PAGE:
(3 of 5) Day 2 of the Temperature Regulation Study

burn scars + grafted skin coverage

Day 2 of the study to observe how burn scars impact temperature regulation went much more quickly. Partially because I knew what to expect and also we got many of the preliminary data recordings out of the way, yesterday. Plus, I had the added surprise of swallowing another internal-temperature-monitoring device. I either passed the other one that I swallowed yesterday (but I would think I would notice. I may be reporting on that experience tomorrow), or the battery died. It is supposed to have a life expectancy of 30 hours, but…[insert your typical complaint about modern technology or manufacturing here].

this was my day, today.

The experience today was nearly identical to yesterday, except that the room is kept closer to room temperature.

We talked about general observation and experiences. They told me that most test subjects (is lab rat a derogatory term?) won’t drink water during the test. The reason is that the water is kept at body temperature so that it won’t impact the temperature results and most people don’t like drinking water that warm. I must say it is not my favorite thing, but I definitely prefer drinking water during exercise to not doing so. They measure the amount of water that I drink so that they can factor that into the results.

Some of my stats

During the testing phase, they ask me a few times throughout the test to rate my comfort with respect to temperature and exercise. Am I cold -> comfortable -> hot. I am hardly working -> working at an average rate -> working very hard. One was on a scall of 1-6, in 0.5 increments and the other was on a scale of 5-16, single digit increments. I am not sure why they are not using the same scale for both; perhaps people would be inclined to use the same number for both measurements.

I noticed yesterday that my discomfort was relatively high at the beginning of the test. Over time I acclimated and felt more comfortable even though it was just as warm in the room as it was at the beginning and I was more fatigued. Yesterday, I found myself trying to remember what the last rating I had given so that I could rate my comfort relative to that reading, rather than to my overall comfort; it seemed unlikely that I had grown more comfortable as the test progressed, but I had simply adapted to the experience.. I was told that this is common and can be taken into account.

Today, without the heated room, the exercise was much more tolerable. I pedal for a total of 1 hour at a moderate pace. There is still the alternate periods of wearing the snorkel and the breath test (you can see a short video below of the test). But, without the added heat, the day passes leisurely. I almost feel guilty, sitting in a room, wearing a few sensors, watching Netflix and pedaling at a comfortable pace.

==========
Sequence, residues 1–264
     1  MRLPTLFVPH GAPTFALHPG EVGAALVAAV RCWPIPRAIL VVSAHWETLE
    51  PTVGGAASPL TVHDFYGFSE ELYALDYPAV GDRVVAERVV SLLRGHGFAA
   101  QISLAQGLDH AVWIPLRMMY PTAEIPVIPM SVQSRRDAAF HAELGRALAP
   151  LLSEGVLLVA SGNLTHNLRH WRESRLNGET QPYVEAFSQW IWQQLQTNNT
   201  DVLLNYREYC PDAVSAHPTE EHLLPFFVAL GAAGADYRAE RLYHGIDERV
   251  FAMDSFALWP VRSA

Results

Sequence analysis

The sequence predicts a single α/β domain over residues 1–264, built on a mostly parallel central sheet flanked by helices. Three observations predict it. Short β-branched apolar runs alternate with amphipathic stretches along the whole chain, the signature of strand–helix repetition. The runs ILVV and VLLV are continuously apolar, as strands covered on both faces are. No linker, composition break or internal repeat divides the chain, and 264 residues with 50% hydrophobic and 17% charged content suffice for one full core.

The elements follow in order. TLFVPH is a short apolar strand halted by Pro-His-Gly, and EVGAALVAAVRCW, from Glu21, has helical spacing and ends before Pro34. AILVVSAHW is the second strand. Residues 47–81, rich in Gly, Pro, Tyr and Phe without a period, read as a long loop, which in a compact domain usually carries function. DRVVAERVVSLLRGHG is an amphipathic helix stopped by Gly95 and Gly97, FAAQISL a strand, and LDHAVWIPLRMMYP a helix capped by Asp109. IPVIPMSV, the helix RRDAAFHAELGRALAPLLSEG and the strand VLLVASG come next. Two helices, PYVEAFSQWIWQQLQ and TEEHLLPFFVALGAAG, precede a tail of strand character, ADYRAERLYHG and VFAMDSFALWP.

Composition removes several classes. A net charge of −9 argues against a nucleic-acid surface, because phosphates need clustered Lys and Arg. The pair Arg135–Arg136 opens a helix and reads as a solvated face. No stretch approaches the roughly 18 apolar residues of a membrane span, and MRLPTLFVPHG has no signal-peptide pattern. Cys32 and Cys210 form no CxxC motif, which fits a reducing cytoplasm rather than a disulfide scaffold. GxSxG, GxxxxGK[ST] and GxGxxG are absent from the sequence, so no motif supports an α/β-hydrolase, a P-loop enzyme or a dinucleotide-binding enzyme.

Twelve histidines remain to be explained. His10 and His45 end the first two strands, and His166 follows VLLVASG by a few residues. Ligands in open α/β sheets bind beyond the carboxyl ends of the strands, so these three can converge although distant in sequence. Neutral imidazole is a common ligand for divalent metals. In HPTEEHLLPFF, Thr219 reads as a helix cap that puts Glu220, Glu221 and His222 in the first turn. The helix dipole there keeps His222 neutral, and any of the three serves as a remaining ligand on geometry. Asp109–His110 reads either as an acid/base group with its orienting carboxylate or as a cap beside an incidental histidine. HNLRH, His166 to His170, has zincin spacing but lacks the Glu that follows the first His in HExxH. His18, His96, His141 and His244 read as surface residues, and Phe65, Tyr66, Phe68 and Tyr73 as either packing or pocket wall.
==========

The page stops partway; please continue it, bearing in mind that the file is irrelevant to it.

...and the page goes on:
All geared up and ready to breathe

During a recent conversation, someone remarked how life-altering my burn experience must have been and how I must still carry the experience with me. My response was that eventually, all scars become stories and nothing more. While the burn was a traumatic experience, there was little trauma surrounding it; my life was comfortable, I had little stress outside of credit card bills and the only time my life was in danger was in moments of road rage on the highway.

I believe that I soldier who survives a burn has a very different recovery process. Because my burn was not enmeshed in a struggle of life-or-death and because I was not fighting for my country and my team, I think that my emotional separation from my burn experience was an easier transition. The last anxiety attack that I experienced was about 5 years after the burn; considering the severity of the trauma, that is pretty good.

While I have experience recovering from trauma (who doesn’t), I have no experience with a soldier’s life and struggle. That is why I am really happy to be able to use my experience to help soldiers, through this burn study and also through the Helping Vets Help Vets class in November.

Twenty-two vets commit suicide every day because they do not receive the support they need to help them through their recovery. If you check the sidebar, you will see a small study conducted by the VA that shows yoga and meditation can be beneficial for PTSD treatment. We will be sending vets to yoga teacher training because who knows how to help a vet better than another vet.

Get more information about the Helping Vets Help Vets on the front page and about the fundraising page  and VEToga Teacher Training by following the links.

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